What an honor to have been included in a ‘canoe pull’ in an Indian canoe last week. Mostly, it was an adventure.


Protocol2I woke up in Vancouver, B.C. the morning of the paddle to snow on the ground and a heavy gray sky, and wondered if we were really going to go. While I could have been talked out of it if no on else wanted to go (i.e., if saner minds prevailed), my hosts, who were members of various Northwest Coast Indian tribes, were more than happy to bring the canoe out from its winter hibernation and go for a paddle, or ‘pull’, as they call it. No matter that the temperature was barely above freezing.

What I loved and appreciated most about the experience was learning the paddling protocol. We picked up Wes Nahanee at his home on the Squamish reserve in North Vancouver, where the canoe also lives during the winter. Wes is a very accomplished Squamish-Hawaiian waterman (among many other things I was not surprised to discover when I googled him later) and was our ‘skipper’. He introduced us to the canoe, Xenohite, and instructed us in the proper protocols for paddling, which even included protocols for getting in and out of the canoe, how to hold our paddles, and what the different commands are while in the canoe. Paddling in a Hawaiian outrigger canoe is different from paddling in an Indian canoe, where paddlers sit two abreast rather than single file, so one paddles only on one side. We switched positions with the person next to us to paddle on the other side only once during the time we were on the water. Changing places can be tricky because there is no outrigger to stabilize the canoe, so only one seat at a time trades places. Wes sang traditional canoe songs as we paddled, some of the women also knew canoe songs that they were happy to share. That helped to take my mind off the fact that my hands and feet were completely numb and my left arm was about to fall off as I am not used to paddling more than fifteen or so strokes on one side before switching over to paddle on the other side.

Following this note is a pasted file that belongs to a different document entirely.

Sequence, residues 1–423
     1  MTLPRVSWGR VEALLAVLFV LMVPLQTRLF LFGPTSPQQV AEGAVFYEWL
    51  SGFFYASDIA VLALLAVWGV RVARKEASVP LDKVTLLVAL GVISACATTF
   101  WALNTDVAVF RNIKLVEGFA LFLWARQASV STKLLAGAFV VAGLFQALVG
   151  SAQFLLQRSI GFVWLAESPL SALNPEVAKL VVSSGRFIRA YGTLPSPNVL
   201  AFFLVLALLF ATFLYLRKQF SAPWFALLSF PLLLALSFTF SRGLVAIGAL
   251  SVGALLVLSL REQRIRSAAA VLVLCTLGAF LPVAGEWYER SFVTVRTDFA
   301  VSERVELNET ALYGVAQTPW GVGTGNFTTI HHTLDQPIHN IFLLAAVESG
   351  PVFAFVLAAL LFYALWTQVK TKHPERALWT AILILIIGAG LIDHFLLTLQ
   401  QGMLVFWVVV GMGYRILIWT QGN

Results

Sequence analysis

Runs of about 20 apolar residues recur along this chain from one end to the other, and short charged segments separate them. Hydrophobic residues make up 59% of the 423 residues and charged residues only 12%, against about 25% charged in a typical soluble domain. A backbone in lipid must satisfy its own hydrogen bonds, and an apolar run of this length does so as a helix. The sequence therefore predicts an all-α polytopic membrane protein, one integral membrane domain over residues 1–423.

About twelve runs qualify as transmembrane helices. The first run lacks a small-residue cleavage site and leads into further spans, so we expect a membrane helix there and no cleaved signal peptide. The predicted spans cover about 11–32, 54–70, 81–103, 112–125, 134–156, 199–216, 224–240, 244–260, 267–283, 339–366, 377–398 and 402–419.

My memory of the day was not about the cold but rather about everything I learned about paddling an Indian canoe. Protocol is everything on a canoe journey. At the heart of protocol is respect– respect for the canoe, for the ocean, for the land, for the winds and all the elements of nature, for the ancestors, for the gods, and for each other, and that is what makes the experience so powerful. As I mention in most blogs that I have written about canoes, paddling is a metaphor for life, and I believe the metaphor is no different for Indian or Maori or any other culture that still has a canoe tradition. The renewal and continued practice of our canoe traditions have done much to heal our people and our souls and to move us forward together as indigenous people. For that, we are blessed.


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